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Larsti October 23, 2018 23:44
Glad you found our posts helpful 2468mum :-) I love these boards!! I have cut myself loads of slack over the years. It never seems to help to beat yourself up. One or two comments that I remember other people making on these boards. One I think was by Pear Tree. She said something to the effect that these children are survivors. They know how to get what they need. Its us that end up in pieces (different context but maybe relevant). And the other thing Corkwing said. Compared to the homes they came from, we really are wonderful parents. We shouldn't beat ourselves up telling ourselves we're not good enough. Easier said than done. Also look up something called Blocked Care. Its a thing. Best wishes Larsti x
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Sivier October 24, 2018 12:05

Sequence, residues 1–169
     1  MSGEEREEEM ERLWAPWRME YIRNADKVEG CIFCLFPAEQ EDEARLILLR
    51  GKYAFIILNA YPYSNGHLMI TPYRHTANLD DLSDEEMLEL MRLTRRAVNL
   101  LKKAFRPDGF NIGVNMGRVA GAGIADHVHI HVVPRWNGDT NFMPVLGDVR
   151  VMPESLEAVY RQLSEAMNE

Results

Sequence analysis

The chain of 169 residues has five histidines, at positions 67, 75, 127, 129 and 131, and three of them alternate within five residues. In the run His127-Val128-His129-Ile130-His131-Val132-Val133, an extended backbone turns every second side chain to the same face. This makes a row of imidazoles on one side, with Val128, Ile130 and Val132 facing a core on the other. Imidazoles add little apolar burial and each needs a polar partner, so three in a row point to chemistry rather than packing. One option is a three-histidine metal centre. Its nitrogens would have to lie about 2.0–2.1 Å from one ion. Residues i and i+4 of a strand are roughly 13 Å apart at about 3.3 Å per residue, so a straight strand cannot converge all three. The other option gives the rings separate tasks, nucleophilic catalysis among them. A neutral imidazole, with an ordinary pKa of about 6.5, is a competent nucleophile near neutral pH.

This is a really interesting and useful thread. Something you said 2468mum on always pulling your DD up on things...this chimed with me and is something I know I need to really watch due to her low self-esteem...I always seem to be battling rudeness, non-compliance and attitude (and she's only 9!) and I need to get a better grip with this. On Larsti's comment re Theraplay - I agree - we did with with my DD when she was 8, which is quite late to begin but it was very helpful. If the practitioner can adapt to your child's age and interests (for example, ours introduced some ball-based and physical games that really engaged my daughter) then that might help too. Theraplay has helped pave the way to start DDP if we can get the funding. Our DDP will include quite a few parent only sessions and I hope will help me/us with strategies and for dealing with my own attachment style and expectations. Best of luck with it all.
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Bigmrs October 24, 2018 12:32
Nvr has really helped us with putting aside a lot of the behaviours we found difficult to live with, and I think made my son feel more appreciated and less criticised - it has been one of the most helpful things we have done. Hoping you are feeling a bit better, totally sympathise xx